heartache. {Journey to Photographer}



One element that every photographer will say is of upmost importance is light. There are so many things you can do with photographs based on the lighting. Too much and pictures look harsh, skin tones red and shadows are cast onto your subject. Too little and you can get blur or noise. But sometimes, photographers have to shoot in darkness. Sometimes they even prefer it. It may seem like a daunting task for someone without the tools or the know how, but for the trained photographer, shooting in darkness can bring newness to things overlooked. Shooting in darkness can bring a new beauty to something that might be seemingly mundane in broad daylight.

That's what happened to me. I lost my light for a while. In the summer of 2011 we suffered a miscarriage. And for the first time in my adult life, I found myself swimming in darkness. A circumstantial darkness, in the beginning...and then it was followed by a self-imposed darkness that I didn't want to come out of. I wasn't ready to embrace the light because light meant newness and I was still mourning.

I set my camera down. I set it down and I left it there.

For me, the camera was a symbol of happy moments. Remember? smile! smILE! SMILE! SMIIILLEE!! I wasn't 'happy' and so the camera went on the shelf. For months. Not only was I struggling with 'happiness,' but I was struggling with jealousy when other people were happy! Almost like I wanted to rob them of their joy and pull them into the depths of my sorrow. Or maybe exactly like that.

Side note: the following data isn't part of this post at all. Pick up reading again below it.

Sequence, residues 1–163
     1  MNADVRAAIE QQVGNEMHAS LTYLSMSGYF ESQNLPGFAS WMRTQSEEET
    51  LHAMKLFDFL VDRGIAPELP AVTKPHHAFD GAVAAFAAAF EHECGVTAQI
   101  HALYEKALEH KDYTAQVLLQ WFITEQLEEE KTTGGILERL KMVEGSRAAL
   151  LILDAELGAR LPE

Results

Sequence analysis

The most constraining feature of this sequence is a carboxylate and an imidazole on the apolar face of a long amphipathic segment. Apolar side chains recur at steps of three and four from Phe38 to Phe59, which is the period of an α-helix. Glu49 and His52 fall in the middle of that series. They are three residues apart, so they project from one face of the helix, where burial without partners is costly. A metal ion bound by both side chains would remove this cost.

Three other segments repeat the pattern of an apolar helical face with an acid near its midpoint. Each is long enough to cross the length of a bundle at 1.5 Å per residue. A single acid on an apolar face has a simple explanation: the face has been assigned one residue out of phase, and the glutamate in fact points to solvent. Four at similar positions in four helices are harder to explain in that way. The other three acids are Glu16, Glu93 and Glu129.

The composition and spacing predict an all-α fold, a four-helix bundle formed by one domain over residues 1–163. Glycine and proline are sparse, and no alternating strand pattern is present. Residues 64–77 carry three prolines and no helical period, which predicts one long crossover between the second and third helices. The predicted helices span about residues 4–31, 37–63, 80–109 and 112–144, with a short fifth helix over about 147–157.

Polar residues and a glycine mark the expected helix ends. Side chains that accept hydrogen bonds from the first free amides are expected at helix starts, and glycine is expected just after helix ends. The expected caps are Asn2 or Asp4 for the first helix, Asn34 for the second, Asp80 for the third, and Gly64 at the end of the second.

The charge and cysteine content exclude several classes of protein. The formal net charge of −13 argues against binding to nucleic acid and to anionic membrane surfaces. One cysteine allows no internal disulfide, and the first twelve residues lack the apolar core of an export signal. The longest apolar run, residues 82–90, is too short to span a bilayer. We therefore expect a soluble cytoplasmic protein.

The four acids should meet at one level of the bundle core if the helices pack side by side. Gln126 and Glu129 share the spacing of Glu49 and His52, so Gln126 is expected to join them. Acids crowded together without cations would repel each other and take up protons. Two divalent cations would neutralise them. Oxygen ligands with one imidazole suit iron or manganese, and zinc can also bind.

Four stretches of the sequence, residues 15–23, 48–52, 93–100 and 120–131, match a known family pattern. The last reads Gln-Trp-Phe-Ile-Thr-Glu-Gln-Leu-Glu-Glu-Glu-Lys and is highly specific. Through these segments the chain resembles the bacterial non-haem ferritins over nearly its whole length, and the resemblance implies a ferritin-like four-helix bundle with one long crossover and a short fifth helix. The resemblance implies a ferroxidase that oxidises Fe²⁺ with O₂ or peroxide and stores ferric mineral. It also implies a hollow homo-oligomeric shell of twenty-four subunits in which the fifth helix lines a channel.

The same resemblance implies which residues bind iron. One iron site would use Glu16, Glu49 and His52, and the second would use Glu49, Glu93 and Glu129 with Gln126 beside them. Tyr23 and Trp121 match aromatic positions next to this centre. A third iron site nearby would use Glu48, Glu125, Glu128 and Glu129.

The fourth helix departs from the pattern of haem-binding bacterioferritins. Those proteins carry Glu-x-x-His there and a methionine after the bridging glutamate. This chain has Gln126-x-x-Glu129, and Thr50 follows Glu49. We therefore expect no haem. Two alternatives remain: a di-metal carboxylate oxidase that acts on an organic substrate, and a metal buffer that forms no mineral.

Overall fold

Darkness. The absence of light.

I have definitely walked through my share of difficult times. But this time was different. This was the first time I was no longer willing to put on a happy face and be who I thought people expected me to be. This season of life, I could only be authentic. RAW. And for me, authenticity looked pretty messy. Wet, teary faced, and emotions just barely beneath the surface that could be brought out at a moment's notice. Yucky emotions that you probably didn't expect when you asked me, in passing, "how are you today?"

I became REAL comfortable in the RAW. And from there, I learned how to navigate in the absence of light.